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Aavin milk a success story thanks to free cow scheme

D J Walter Scott
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Federation to achieve production of 50,000 litres a day

White revolution:Women at the milk producers’ society at Veeraneri village in Sivaganga district.— Photo: L. Balachandar
White revolution:Women at the milk producers’ society at Veeraneri village in Sivaganga district.— Photo: L. Balachandar

The Tamil Nadu Cooperative Milk Producers’ Federation (Aavin) is set to achieve 50,000 litres of milk production a day in Sivaganga and Ramanathapuram districts, thanks to the government’s flagship free milch cows distribution scheme.

The two districts, which have been producing an average of 29,000 litres of milk a year since 2001, witnessed a spurt in production in 2012-13 after the government unveiled the scheme in 2011-12.

“Last year, we achieved a production of 43,854 litres a day and this year we will achieve a record production of 50,000 litres as the scheme has substantially enhanced milk production in the rural areas,”

Mr. N. Christopher, General Manager, Aavin, Karaikudi said. “Aavin began this year with a production of 43,038 litres in April and we will achieve the 50,000 litre mark by June 15,” Mr Christopher told The Hindu at Veeraneri, a remote village in Sivaganga district, where a mass health camp was organised for the milch cows.

Rural folk were given free ownership of exotic, high- yielding breed cows worth Rs 30,000 each under the scheme. They were now showing interest in owning a second cow through bank loans with a subsidy of Rs 3,000, he said.

The scheme would usher in a “white revolution” in the two drought-prone districts as both Sivaganga Collector V. Rajaraman and Ramanathapuram Collector K. Nanthakumar were willing to help Aavin in its endeavour to step up the milk production and help the villagers improve their socio-economic status.

Women folk, who once toiled in the field for a daily wage of Rs 100 to Rs 120, were now proud owners of cows, lining up at Veeraneri village to supply milk to the Milk Producers’ Societies. A total of 1,498 women in Sivaganga and 1,340 in Ramanathapuram have received the cows, around 1,200 of which were pregnant and ready for second calving, he added.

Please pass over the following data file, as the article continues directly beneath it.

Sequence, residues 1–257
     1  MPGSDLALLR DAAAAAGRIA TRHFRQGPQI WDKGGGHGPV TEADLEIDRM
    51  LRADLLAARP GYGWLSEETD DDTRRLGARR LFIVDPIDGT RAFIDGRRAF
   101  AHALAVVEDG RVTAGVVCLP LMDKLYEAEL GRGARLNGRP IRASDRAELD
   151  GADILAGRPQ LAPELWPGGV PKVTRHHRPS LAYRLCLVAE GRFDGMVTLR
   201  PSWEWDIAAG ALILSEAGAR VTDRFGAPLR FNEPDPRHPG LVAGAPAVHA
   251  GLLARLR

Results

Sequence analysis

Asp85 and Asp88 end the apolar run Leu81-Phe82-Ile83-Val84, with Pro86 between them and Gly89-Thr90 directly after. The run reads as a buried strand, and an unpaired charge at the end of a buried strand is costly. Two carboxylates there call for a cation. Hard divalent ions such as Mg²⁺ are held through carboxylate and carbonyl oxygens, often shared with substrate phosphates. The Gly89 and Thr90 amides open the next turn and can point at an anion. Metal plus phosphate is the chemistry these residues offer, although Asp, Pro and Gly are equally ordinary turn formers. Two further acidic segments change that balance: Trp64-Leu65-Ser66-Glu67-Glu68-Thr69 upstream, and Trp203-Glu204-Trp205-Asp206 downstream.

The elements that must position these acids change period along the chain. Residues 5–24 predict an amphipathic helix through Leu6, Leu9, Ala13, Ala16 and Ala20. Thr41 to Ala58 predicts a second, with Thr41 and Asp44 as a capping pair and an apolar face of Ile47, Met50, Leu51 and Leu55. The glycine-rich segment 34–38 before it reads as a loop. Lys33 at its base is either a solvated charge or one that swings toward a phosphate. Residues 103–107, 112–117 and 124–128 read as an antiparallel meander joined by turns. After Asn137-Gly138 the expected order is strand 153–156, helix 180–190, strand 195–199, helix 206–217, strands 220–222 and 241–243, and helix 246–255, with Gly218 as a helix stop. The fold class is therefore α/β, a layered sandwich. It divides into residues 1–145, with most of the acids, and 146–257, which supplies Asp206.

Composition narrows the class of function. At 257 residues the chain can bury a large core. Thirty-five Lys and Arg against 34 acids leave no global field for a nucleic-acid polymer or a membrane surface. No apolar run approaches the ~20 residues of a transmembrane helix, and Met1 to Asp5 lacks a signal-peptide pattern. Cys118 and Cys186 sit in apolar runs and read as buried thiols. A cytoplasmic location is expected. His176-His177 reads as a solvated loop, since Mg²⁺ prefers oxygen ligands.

Mr Christopher said the milk processing unit in Karaikudi had been built with a 50,000- litre capacity. However, it has never operated to full capacity in the last 20 years. For the first time now, it has started operating at optimal capacity, thanks to the increased milk production.

To cope with the additional milk production, six additional Bulk Milk Coolers (BMC) centres are being set up in Sivaganga and four in Ramanathapuram, each at a cost of Rs 30 lakh.

Besides procuring milk, Aavin has been providing veterinary services, extending Artificial Insemination (AI) at the door steps, supplying fodder at subsidised rates and creating awareness among the farmers.

Aavin was also making available, fodder at subsidised rates and encourage farmers to raise fodder by distributing seedlings.But fodder for the cows remained a major problem.

For M. Lalitha (38) buying fodder was the major concern in the absence of grazing fields in Veeraneri. She had already spent more than Rs 3,000 for buying fodder such as pellets (100 kgs), two bags of bran (each 50 kgs) groundnut cake (10 kgs) and grass (four bundles a day).

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